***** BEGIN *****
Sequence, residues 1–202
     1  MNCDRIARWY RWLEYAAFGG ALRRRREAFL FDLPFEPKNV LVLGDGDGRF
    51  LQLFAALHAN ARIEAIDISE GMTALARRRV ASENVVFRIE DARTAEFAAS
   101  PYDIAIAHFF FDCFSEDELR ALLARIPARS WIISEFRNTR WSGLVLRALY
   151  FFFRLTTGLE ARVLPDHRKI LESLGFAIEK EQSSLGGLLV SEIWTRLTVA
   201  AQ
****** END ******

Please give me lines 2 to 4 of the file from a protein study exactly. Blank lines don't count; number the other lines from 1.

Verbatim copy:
     1  MNCDRIARWY RWLEYAAFGG ALRRRREAFL FDLPFEPKNV LVLGDGDGRF
    51  LQLFAALHAN ARIEAIDISE GMTALARRRV ASENVVFRIE DARTAEFAAS
   101  PYDIAIAHFF FDCFSEDELR ALLARIPARS WIISEFRNTR WSGLVLRALY